Jüri: Yes, that is true. I think that it is a general problem when moving somewhere. You kind of have to give up some habits, because of the different environment, which is why I also had to give up practising the piano. I had an opportunity to play at a charity concert here in Brussels and it was such a success, that it inspired this little pursuit for searching a place to practise and give other concerts. So what I need is a place to practise piano and where I won’t disturb anybody.

Golden Times: Good luck! By the way, what’s your favourite style of music?
Jüri: I think that this is the thoughest question, because I listen to a lot of different things, which is why I would say, that I like certain songs, pieces and compositions more, than styles. For some reason it would be logical to say, that because one of my most favourite music is jazz, but there are lots of pieces, which everybody says are great, but I really cannot find them amazing.

Golden Times: Let’s be more concrete then: who is your favourite composer for piano music?
Jüri: For piano music there are several. In the beginning I started listening to Ray Charles and Esbjörn Svensson, just because of blues influences and in Svenssons case it was just the simplicity of complexity. With his playing he somehow manages to convey very intricate ideas in an understandable form to which everybody can relate to. This continued with Avishai Cohen, who is a bassist, but leads a piano trio. The energy that he produces was just something beyond everything that contained jazz musicians usually have. Continuing from there I discovered several artists at a time, like Brad Mehldau, with his ingenious way of interpretation of different music, Yaron Herman for his really essential style, Hiromi Uehara for her mind blowing playing technique, that lots of pianists dream of, Tigran Hamassyan for his passion and eagerness and the piano trio The Bad Plus, who always reinvent themselves and who always manage to find themselves in a new way.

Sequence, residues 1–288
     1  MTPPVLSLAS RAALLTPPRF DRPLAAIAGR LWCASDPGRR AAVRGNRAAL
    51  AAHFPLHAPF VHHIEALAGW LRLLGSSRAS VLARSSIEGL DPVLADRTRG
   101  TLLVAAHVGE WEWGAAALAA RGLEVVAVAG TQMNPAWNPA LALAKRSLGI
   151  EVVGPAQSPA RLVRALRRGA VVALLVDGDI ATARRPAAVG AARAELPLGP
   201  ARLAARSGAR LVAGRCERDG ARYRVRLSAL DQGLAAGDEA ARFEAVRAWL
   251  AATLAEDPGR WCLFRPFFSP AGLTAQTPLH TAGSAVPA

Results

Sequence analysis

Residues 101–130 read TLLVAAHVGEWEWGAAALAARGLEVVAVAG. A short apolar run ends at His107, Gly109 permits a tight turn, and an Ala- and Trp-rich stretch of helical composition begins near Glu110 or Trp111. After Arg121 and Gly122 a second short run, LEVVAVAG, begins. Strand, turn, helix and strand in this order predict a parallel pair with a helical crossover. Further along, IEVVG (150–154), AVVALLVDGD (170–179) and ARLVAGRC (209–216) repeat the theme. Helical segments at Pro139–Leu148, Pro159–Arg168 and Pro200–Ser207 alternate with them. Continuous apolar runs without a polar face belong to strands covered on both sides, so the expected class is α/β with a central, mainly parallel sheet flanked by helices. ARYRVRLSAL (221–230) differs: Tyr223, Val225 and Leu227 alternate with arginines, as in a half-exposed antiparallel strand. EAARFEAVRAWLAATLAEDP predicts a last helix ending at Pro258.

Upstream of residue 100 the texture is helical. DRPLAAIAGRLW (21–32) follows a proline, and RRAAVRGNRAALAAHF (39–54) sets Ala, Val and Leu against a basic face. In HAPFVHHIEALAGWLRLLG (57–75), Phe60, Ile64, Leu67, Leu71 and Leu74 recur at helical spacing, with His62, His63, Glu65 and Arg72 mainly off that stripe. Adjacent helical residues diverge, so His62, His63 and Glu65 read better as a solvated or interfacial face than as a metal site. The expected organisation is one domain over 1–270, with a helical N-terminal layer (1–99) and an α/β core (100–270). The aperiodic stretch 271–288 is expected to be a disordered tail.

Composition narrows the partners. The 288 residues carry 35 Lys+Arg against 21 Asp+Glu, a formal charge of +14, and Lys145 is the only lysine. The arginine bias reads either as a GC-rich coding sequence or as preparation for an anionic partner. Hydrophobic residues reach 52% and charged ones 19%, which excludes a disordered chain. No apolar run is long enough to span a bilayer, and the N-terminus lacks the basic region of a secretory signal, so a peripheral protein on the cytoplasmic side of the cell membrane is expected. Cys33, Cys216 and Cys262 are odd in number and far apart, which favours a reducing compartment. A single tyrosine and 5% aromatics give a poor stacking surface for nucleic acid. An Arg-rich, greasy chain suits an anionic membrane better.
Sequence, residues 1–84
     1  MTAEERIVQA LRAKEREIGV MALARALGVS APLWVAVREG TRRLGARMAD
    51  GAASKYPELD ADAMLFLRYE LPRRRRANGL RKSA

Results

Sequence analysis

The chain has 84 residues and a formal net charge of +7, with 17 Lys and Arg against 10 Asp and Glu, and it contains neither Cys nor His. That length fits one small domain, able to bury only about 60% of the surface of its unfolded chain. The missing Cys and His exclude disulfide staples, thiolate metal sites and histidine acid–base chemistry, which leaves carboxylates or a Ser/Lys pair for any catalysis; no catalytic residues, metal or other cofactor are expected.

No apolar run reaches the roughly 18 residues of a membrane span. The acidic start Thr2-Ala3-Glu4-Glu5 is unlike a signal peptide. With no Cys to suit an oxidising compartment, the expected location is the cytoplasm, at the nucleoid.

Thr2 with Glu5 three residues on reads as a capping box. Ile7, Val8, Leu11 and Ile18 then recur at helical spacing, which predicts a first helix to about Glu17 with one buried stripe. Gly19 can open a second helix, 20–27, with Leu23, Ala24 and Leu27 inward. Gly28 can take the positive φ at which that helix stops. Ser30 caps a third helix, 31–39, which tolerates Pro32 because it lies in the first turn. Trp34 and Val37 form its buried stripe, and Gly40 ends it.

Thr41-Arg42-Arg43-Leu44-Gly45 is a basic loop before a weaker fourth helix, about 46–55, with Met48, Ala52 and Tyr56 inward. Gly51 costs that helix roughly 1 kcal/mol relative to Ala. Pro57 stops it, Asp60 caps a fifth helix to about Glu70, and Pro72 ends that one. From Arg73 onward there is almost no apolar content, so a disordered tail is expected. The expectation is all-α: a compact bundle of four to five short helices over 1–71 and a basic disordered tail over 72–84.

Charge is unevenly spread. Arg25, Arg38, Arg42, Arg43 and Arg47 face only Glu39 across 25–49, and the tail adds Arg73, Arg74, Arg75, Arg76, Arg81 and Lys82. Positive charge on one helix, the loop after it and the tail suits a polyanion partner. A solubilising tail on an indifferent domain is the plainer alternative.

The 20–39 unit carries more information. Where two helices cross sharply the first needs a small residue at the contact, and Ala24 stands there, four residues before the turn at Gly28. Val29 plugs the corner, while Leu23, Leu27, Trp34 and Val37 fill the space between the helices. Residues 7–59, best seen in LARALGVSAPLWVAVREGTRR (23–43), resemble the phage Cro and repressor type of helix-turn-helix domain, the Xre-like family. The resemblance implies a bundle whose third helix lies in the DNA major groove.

Golden Times: That’s a lot! With this general interest in music, do you also play other instruments?
Jüri: For short periods I have played drums, bass guitar while living in Köln and now guitar in the CD house – since I do not have a piano here. However, I don’t consider it as “playing other instruments“. I just have an idea how they work, which is actually quite important while playing music with other people. I think that playing drums is very complimentary to playing piano, because you have to play different rhythmical parts with your hands or with feet and it helps with your piano playing technique, since you have to train your limbs to do separate things.

More info about Jüri Kirpu: Check his Facebook page. On this page you can also listen to him playing music.

About Jüri Kirpu

Coming from Tallin, 24-year old Jüri Kirpu I studied Finnish language, culture and literature (Fennistics) in the Universities of Tallinn and Köln University. Currently he is living in Brussels and is member of the European board of AEGEE, the Comité Directeur (CD). Jüri Kirpu is actually the first CD member ever from Estonia. “Being in the CD is definitely one of the most challenging things that I have been part of, for various reasons”, says Jüri. “Despite all of these challenges and hardships it is really beyond anything what people would come in contact from day to day.”